Petersburg Madame Farnois

And indeed, it was somewhat late when Angel Peri deigned to open her innocent little eyes from the pillows that day; but the eyes had stuck together; and the little head was quite manifestly developing a dull and hollow ache; Angel Peri managed to remain in a state of somnolence for a long time yet; beneath her curls some kind of inarticulacies, anxieties, half-hints kept swarming: her first complete thought was a thought about the soirée: something was going to happen! But when she tried to develop this thought, her little eyes stuck together properly and again moved off into some kind of inarticulacies, anxieties, half-hints; and from these indistinct phenomena there again rose only: Pompadour, Pompadour, Pompadour – and why Pompadour? But her soul radiantly illumined that word: the costume in the spirit of Madame Pompadour – azure, with flowerlets, Valenciennes lace, silvery slippers, pompons! She had had such a long argument with her dressmaker the other day about the costume in the style of Madame Pompadour; Madame Farnois had on no account been willing to cede to her on the matter of blonde lace; had kept saying: ‘And why do you want blonde lace?’ But how could she do without blonde lace? In the opinion of Madame Farnois, blonde lace must look so, be included on such-and-such occasions; and in Sofya Petrovna’s opinion, blonde lace must not look like that at all. At first Madame Farnois said to her: ‘With my taste, and your taste – how can it fail to be in the style of Madame Pompadour?’ But Sofya Petrovna had been unwilling to cede, and Madame Farnois offendedly proposed to take the material back from her. ‘Take it to Maison Tricotons:3 There, madame, they won’t contradict you …’ But to give it to Maison Tricotons: fi, fi, fi! And the blonde lace was abandoned, as were the other controversial points of the Madame Pompadour style: the light chapeau Bergère for the hands, for example, though a panniered skirt could on no account be dispensed with.

Thus did they reach an agreement.

As she immersed herself in thoughts about Madame Farnois, Pompadour and Maison Tricotons, Angel Peri felt tormentingly that again everything was all wrong, that something had happened that would make both Madame Farnois and Maison Tricotons vanish into thin air; but taking advantage of her state of semi-sleep, she was consciously unwilling to try to catch the elusive impression of the real events of the day before; at last she remembered – only two words: domino and letter; and she leapt out of bed, wringing her hands in aimless languor; there had been some third word, and with it she had fallen asleep last night.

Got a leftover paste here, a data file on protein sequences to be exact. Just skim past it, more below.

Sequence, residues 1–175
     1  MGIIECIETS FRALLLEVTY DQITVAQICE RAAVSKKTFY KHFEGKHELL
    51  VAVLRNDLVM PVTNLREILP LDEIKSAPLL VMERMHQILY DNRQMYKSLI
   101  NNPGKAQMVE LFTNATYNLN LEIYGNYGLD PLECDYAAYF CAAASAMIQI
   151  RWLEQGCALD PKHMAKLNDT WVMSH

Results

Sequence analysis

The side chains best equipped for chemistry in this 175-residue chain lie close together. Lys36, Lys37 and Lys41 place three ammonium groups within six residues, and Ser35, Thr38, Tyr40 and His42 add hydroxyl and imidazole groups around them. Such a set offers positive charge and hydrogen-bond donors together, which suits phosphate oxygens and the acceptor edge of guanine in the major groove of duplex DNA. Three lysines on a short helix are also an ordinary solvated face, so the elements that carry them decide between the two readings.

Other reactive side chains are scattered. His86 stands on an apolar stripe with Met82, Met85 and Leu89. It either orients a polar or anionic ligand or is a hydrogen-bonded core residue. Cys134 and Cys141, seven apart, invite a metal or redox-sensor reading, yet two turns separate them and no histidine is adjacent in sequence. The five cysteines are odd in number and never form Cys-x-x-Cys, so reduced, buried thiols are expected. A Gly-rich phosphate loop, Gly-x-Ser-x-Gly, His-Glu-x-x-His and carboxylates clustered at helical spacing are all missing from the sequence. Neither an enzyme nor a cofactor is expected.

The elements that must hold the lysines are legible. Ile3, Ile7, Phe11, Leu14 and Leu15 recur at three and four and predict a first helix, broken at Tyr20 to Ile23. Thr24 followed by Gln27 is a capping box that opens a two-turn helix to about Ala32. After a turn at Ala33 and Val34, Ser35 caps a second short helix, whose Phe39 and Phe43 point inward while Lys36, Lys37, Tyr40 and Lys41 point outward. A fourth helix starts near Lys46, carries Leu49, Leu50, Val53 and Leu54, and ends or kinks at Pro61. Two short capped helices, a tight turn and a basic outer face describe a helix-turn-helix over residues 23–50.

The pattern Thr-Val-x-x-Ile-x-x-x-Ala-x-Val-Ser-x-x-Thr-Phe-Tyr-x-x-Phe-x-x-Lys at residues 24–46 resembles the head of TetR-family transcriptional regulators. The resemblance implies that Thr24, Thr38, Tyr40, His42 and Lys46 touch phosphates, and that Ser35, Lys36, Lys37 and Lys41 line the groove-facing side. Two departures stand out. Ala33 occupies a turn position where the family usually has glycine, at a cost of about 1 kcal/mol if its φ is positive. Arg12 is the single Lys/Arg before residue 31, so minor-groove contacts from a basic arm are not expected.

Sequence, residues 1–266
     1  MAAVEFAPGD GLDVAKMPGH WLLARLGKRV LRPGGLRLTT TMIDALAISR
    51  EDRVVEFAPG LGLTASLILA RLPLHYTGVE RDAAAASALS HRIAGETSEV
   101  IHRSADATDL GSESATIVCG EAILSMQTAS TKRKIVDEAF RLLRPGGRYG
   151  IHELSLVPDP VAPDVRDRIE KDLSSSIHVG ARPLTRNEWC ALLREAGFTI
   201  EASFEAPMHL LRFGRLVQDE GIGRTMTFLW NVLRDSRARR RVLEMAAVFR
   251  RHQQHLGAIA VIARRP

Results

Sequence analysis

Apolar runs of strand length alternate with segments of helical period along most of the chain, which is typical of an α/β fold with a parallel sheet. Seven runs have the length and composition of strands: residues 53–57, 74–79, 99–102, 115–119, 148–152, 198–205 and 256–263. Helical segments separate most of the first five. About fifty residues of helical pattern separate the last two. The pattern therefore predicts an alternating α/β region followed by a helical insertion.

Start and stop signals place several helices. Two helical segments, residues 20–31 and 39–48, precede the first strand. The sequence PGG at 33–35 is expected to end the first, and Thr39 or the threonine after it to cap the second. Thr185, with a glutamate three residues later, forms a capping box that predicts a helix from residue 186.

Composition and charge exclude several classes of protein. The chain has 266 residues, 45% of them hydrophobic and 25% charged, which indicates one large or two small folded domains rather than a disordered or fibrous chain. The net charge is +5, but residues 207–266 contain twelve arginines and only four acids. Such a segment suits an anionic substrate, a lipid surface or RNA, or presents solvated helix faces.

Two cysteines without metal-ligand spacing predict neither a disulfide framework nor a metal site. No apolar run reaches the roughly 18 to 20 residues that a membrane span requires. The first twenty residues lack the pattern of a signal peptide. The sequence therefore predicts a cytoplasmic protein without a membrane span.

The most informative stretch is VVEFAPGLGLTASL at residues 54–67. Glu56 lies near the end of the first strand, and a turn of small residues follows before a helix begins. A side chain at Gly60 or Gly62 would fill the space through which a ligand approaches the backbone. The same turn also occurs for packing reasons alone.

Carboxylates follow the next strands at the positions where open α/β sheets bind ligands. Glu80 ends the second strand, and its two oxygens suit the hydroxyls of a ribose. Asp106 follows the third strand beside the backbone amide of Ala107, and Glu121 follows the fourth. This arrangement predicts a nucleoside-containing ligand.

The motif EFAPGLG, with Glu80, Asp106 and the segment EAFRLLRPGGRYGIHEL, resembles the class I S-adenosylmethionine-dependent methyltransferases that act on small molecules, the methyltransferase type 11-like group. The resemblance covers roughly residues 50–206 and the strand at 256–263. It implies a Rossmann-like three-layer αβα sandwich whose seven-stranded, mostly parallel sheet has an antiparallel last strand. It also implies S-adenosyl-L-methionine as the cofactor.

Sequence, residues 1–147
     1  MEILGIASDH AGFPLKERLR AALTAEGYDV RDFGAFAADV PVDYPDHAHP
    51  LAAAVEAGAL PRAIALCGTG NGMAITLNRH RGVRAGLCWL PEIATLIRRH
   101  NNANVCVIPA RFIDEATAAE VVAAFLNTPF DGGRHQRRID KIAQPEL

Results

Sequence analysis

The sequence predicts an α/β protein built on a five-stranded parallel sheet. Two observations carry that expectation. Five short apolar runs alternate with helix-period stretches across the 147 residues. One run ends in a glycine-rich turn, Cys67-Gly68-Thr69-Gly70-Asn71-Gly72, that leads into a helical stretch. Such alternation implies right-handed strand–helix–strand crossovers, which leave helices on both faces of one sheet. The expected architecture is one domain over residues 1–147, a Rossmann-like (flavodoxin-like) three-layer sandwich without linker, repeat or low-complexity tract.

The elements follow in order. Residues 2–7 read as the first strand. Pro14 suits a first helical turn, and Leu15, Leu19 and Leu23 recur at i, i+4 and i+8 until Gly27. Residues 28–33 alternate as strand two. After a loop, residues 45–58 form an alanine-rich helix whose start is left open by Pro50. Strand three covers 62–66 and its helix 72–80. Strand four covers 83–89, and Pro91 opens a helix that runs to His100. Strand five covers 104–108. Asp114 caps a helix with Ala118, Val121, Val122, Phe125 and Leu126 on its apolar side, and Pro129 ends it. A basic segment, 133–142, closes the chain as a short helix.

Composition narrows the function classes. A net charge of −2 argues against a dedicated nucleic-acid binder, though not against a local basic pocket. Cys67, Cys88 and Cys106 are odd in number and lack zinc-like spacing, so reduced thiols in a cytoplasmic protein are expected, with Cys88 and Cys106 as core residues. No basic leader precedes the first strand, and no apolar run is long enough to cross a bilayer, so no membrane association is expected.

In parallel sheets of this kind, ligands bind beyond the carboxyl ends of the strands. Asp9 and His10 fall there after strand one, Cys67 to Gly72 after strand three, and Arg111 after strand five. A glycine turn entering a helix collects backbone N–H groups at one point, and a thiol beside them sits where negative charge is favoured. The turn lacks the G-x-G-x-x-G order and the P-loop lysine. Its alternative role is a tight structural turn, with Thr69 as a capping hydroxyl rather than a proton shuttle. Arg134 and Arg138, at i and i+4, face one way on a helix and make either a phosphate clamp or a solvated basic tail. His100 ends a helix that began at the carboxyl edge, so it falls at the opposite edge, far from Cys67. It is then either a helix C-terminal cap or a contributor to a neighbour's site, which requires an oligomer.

But Angel Peri could not remember the third word; the third word might have been some quite unprepossessing sounds: husband, officer, second lieutenant.

As far as the first two words were concerned, Angel Peri firmly resolved not to think about them until the evening; while the third, unprepossessing word did not merit attention. But it was precisely this unprepossessing word that she ran up against; for no sooner, no sooner had she fluttered through to the drawing-room from her stuffy little bedroom and dashed, with perfect innocence, into her husband’s room, in the supposition that her husband, the officer, the second lieutenant Likhutin, had as always gone off to take charge of provisions, than suddenly: to her very great surprise that second lieutenant’s room proved to be locked and inaccessible to her: second lieutenant Likhutin, in spite of all his habits, in spite of the cramped quarters, the loss of comfort, common sense and honest decency – had evidently ensconced himself in there.

Only now did she remember yesterday’s outrageous scene; and with pouting lips slammed the bedroom door (he had locked himself in, and so would she). But, having locked herself in, she saw the broken dressing table.

‘Barynya, will you have coffee in your room?’

‘No, I don’t want any …’

‘Barin, will you have coffee in your room?’

‘No, I don’t want any.’

‘Barin, the coffee is cold.’


‘Barynya, someone is here, barynya!’

‘From Madame Farnois?’

‘No, from the laundress!’


In an hour there are sixty minutes; while a minute entirely consists of seconds; the seconds ran away, forming minutes; heavy, the minutes began to throng; and the hours dragged themselves along.


In the middle of the day Her Majesty’s Yellow Cuirassier Baron Ommergau rang at the door with a two-pound bonbonnière of chocolates from Krafft’s.4 The two-pound bonbonnière was not refused admittance; but he was.

At about two o’clock in the afternoon His Majesty’s Blue Cuirassier Count Aven rang at the door with a bonbonnière from Ballet’s;5 the bonbonnière was received, but he was refused admittance.

A Leib Hussar in a tall fur hat was also refused; the Hussar shook his plumed hat and stood with a double bunch of brilliant lemon-coloured chrysanthemums; he called after Aven, shortly after four o’clock.

Verhefden also came flying with a box for the Mariinsky Theatre. Only Lippanchenko did not call: of Lippanchenko there was no sign.

At last, late in the evening, towards ten o’clock, a girl appeared from Madame Farnois with an enormous cardboard box; she was received at once; but as she was being received and there was tittering in the hallway apropos of this, the door of the bedroom clicked, and from there a tearful little face pushed inquisitively forth; an angry, hurried cry was heard:

‘Bring it quickly.’

But at the same time the lock of the study door also gave a click; from the study a shaggy head pushed forth: looked and disappeared. Was this really the second lieutenant?